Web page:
Launch of the Council of Europe Action Plan
Speech by Mr Thorbjørn Jagland, Secretary General of the Council of Europe
Kyiv, 16 September 2011
Check against delivery
When Ukraine joined the Council of Europe in 1995, it agreed to accept the principles of the rule of law and the enjoyment of human rights and fundamental freedoms by everyone within its jurisdiction. Ukraine also agreed to a number of specific commitments to take action intended to improve democracy, human rights and the rule of law in the country. Although recent years have been characterised by many challenges, one of Ukraine's main achievements through its membership of the Council of Europe has been an increased respect for democratic freedoms and rights.
I welcome the Decree signed in January by President Yanukovych aimed at accelerating the reforms which will enable Ukraine to fulfil its obligations as a member state of the Council of Europe. This commitment to reform is a welcome sign of the willingness of the highest authorities in Ukraine to overcome internal differences and focus on what the people in this country need and expect.
The relationship between Ukraine and the Council of Europe can be very helpful in this respect. The Council of Europe is the means by which Ukraine is engaged with 46 other countries, on an equal footing, in standard-setting, monitoring of compliance with commitments, and in providing technical assistance to member states in order to meet the standards set.
The new Action Plan for Ukraine which we are launching today is a joint strategic initiative of the Council of Europe and the Ukrainian authorities designed specifically to support Ukraine in fulfilling its statutory and specific obligations as a Council of Europe member state, to consolidate achievements since its accession in 1995, and to help Ukraine meet new challenges.
It renews the Council of Europe's commitment to supporting Ukraine's ambitious and important domestic and European agenda for reform in the areas of expertise of the Council of Europe – Human Rights, the Rule of Law and Democracy.
Through partnerships such as our Action Plan we will continue to help Ukraine to consolidate its democratic institutions. This is important not only for Ukraine, but also for the rest of Europe, because a stable Ukraine, with strong institutions and well-functioning democratic practices, is also a guarantor of stability in the wider region.
The foundations for further progress were laid by the previous Action Plan (2008-2011), with its forty-three projects and budget of
18 million Euros. Domestic application of the European Convention on Human Rights was strengthened, through the training of a large number of judges and prosecutors on recent developments in the case law of the European Court of Human Rights.
Progress was made in ratifying conventions and in drafting new legislation, such as the new draft code of criminal procedure, introducing an adversarial and human rights-oriented criminal justice system. An important anti-corruption legislative package was also adopted.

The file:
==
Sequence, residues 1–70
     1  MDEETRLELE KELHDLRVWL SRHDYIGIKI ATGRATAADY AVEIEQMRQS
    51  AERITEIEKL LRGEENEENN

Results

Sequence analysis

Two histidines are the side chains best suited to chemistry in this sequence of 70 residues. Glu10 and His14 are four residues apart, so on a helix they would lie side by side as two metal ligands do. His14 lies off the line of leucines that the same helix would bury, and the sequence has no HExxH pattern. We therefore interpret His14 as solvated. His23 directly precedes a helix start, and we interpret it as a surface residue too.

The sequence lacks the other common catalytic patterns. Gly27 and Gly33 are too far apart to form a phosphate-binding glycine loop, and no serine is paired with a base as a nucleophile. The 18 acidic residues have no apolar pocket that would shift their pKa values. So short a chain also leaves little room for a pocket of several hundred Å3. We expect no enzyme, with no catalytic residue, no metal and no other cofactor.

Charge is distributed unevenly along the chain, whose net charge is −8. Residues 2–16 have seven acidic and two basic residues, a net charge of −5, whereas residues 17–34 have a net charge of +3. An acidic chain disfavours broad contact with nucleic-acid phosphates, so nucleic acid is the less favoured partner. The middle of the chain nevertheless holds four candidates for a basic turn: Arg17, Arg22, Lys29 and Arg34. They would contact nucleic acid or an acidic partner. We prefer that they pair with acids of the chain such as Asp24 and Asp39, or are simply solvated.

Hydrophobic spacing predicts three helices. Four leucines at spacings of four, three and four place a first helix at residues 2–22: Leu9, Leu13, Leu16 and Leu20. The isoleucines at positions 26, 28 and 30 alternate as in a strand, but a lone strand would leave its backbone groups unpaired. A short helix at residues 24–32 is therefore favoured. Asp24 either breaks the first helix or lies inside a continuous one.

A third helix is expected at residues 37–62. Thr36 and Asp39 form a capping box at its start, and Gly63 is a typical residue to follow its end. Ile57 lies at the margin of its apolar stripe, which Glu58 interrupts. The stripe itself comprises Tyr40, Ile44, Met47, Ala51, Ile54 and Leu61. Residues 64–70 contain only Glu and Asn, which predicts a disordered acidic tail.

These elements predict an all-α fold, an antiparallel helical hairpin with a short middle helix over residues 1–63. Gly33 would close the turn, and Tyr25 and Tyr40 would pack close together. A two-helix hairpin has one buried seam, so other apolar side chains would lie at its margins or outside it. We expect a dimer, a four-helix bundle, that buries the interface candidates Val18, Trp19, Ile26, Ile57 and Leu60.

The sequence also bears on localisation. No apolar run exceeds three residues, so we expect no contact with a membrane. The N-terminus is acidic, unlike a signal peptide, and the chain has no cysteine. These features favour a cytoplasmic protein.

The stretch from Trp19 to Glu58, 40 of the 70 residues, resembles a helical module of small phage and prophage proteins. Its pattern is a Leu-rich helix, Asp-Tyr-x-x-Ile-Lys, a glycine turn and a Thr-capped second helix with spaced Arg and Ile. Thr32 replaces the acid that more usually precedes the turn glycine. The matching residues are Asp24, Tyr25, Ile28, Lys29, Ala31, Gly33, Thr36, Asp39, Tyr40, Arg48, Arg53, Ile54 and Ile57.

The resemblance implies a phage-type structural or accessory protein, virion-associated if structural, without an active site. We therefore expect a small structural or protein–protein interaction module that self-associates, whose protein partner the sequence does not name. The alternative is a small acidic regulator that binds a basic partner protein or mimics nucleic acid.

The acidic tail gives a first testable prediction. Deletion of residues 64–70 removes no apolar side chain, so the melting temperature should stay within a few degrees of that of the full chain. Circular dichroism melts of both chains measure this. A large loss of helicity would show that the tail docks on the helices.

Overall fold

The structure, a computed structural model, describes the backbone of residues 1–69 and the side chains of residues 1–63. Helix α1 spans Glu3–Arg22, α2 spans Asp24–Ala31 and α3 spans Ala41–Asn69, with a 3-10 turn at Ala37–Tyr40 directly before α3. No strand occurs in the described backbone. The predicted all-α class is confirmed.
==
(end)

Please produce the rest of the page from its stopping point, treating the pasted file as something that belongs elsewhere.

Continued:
The success of the domestic reforms undertaken by Ukraine, its ownership of the Action Plan, and commitment from national partner institutions are key factors in ensuring that co-operation with the Council of Europe has the real and sustainable impact which we seek.
Our strategic plan is therefore aligned with the priorities as defined by the President and the Government of Ukraine, based on an assessment of further needs of the country, Ukraine's commitments towards the Organisation, and the priorities adopted when it took over the Chairmanship of the Committee of Ministers. It focuses action on areas where Council of Europe expertise is available and where its monitoring and standard-setting bodies present a comparative advantage.
It contains 51 projects, and its budget amounts to 22 million Euros over four years. Funding from the Organisation's Ordinary Budget, European Union - Council of Europe Joint Programmes, and Voluntary Contributions from individual Council of Europe member States will be combined under a single Action Plan for Ukraine.
We are confident that the strategic goals which we have set ourselves can be met. The positive results of ambitious reforms will ultimately benefit the citizens of Ukraine, the country's institutions, and the society as a whole. The support of the international community is essential.
I would close my remarks by saying this in more general terms. The only sound ground for prosperity for any country is a system of checks and balances:
a totally independent judiciary that all political forces represent;
an autonomous parliament in the sense that its peers and parties do not have any hidden connections to economic or commercial interests - only then can it serve the common public interest and control the government;
and free media that is able and willing to criticise and scrutinise those in power.
History has shown that countries that do not have such basic institutions in place, always get corruption and mismanagement which leads to instability, social unrest and at the end of the day they cease to exist. This happened in Eastern Europe. It happens now in the Arab world.